What Is The Flexural Strength Of Concrete?
The flexural strength of concrete is one measure of the tensile strength of unreinforced concrete. It refers to the ability of the concrete beam or slab that is being tested to resist bending.
It is measured in Modulus of Rupture (MR), a measurement that is used to inform the design of concrete products. As with compressive strength, the flexural strength of concrete is another crucial property of concrete that must be tested thoroughly before it is used in construction projects. Due to its tendency to crack, the flexural strength of concrete is usually a lot lower than its compressive strength (between 10-20% of the compressive strength) and this is what engineers can expect to see from the results of the test.
Now we’ve covered exactly what it is, let’s take a closer look at how flexural strength is actually measured.
Under strict laboratory conditions, the flexural strength of concrete is tested by applying an external load to the sample until it fails i.e is unable to resist bending.
Whilst compressive strength can be measured directly, flexural strength must be measured indirectly. This is because an apparatus has not yet been developed which allows the tensile force to be evenly distributed to the sample. As a result, it is measured using either So the ‘one point loading’ or ‘two-point loading’ test.
Now, this is the point at which the Modulus of Rupture (MR) measurement which we mentioned earlier comes in. MR measures the extreme fibre stresses which the sample experiences when placed under a load during the test. As the tensile stress exceeds the flexural strength of the sample, cracks will appear as the sample has reached the maximum point of bending.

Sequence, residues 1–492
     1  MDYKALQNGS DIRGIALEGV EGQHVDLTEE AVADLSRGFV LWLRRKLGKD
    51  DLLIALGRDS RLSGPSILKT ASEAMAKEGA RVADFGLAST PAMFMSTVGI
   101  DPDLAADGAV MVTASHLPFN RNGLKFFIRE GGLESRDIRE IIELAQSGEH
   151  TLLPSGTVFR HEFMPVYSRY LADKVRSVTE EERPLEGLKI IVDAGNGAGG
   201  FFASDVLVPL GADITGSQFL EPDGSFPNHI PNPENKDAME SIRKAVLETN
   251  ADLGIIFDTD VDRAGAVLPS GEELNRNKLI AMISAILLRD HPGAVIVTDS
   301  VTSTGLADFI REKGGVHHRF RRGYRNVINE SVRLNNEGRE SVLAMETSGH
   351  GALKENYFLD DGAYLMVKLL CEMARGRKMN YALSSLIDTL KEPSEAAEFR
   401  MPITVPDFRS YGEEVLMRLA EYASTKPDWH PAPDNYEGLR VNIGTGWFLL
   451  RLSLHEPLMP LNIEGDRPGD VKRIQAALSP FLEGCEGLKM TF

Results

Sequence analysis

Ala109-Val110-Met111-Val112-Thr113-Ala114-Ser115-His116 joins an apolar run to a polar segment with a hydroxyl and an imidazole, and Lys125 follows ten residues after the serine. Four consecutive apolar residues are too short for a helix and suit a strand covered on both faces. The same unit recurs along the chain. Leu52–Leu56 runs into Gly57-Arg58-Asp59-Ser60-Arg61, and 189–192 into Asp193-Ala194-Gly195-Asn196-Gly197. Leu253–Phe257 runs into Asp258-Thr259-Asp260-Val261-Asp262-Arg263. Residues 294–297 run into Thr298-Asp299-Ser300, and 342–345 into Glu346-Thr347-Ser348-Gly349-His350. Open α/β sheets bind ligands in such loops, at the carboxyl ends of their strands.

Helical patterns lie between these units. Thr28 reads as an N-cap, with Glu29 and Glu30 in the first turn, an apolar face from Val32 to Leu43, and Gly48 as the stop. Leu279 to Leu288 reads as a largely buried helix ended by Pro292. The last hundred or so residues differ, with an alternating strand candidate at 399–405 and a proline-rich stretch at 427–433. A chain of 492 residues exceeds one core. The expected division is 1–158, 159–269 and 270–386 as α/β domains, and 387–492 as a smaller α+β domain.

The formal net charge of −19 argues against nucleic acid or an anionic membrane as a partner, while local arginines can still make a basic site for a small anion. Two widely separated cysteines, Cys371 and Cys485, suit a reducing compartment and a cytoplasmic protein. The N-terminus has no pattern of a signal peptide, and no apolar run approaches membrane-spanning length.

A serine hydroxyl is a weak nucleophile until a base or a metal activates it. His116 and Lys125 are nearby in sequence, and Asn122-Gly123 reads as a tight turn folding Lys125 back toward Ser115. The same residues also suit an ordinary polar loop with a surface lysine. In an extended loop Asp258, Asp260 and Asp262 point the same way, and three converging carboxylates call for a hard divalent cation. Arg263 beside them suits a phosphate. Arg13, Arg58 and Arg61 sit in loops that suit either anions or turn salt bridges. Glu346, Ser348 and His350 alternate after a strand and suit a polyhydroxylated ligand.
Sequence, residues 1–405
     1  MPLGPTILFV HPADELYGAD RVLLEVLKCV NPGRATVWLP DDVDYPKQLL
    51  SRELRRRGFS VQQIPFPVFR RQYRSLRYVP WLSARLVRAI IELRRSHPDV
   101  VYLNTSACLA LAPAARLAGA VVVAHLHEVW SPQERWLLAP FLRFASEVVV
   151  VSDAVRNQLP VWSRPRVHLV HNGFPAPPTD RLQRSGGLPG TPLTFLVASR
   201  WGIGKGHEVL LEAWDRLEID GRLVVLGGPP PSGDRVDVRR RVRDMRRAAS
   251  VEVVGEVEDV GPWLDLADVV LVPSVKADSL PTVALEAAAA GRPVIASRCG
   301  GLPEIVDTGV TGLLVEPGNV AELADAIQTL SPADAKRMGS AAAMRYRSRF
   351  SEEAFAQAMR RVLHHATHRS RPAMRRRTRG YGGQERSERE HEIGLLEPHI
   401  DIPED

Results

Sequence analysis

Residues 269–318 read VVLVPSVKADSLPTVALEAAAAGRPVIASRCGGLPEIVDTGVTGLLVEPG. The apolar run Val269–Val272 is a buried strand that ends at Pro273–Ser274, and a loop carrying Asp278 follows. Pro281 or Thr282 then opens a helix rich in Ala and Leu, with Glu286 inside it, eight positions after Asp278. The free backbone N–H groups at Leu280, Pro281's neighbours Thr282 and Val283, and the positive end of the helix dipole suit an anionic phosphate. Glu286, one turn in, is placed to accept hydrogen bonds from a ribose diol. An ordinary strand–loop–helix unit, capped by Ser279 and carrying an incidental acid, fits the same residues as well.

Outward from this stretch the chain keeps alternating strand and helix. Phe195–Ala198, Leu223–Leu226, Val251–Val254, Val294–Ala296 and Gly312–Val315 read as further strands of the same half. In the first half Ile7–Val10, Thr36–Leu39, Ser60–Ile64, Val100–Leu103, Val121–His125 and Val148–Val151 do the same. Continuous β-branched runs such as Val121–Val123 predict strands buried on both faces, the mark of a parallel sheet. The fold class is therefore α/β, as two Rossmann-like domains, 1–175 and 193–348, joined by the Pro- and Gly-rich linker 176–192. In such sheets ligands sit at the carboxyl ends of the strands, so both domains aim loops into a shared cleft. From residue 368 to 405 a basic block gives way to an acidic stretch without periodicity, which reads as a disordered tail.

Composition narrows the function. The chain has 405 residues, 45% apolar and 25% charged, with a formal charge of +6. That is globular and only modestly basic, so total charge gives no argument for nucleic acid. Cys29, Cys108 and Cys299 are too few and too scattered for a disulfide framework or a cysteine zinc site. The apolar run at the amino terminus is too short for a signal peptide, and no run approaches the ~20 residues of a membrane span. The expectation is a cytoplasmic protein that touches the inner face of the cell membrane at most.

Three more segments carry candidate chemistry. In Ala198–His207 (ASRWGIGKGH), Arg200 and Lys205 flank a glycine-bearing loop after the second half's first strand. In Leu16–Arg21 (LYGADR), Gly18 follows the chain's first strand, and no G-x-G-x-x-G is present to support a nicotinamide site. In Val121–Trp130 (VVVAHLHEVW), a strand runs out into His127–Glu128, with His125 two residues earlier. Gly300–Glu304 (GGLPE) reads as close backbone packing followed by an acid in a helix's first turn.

Observations from the test are then used in a formula to calculate the flexural strength of the concrete which looks something like this:
fb = Pl/bd2 (when a > 13.3 cm)
fb = 3Pa/bd2 (when a < 13.3 cm)
a = the distance between the line of fracture and the nearest support, measured on the centre line of the tensile side of the specimen (cm)
b = width of specimen (cm)
d = failure point depth (cm)
l = supported length (cm)
P = Maximum Load taken by the specimen (kg)
Difficulties That May Arise
Flexural tests are extremely sensitive to testing variations which is why the flexural strength of concrete can be a difficult property to assess accurately. All specimens need to be prepared, handled and cured to an exact standard before testing and this can be hard to manage accurately which can lead to inaccurate results if the test is not regulated correctly.
Can The Flexural Strength Of Concrete Be Improved?
The flexural strength of concrete can be improved by a number of methods, for example by adding pozzolanic additives to the mix. Another option is to reduce the porosity and water: cement ratio of the mix. Concrete that has been prestressed will also have a higher overall tensile strength than other concrete products.
As one of the leading construction companies in Bahrain, Al-Manaratain is dedicated to ensuring its customers have all the information they could possibly need when it comes to our range of concrete products. Our article section is full of informative articles and is regularly updated with new articles that should interest anybody who’s interested in concrete products or the concrete industry.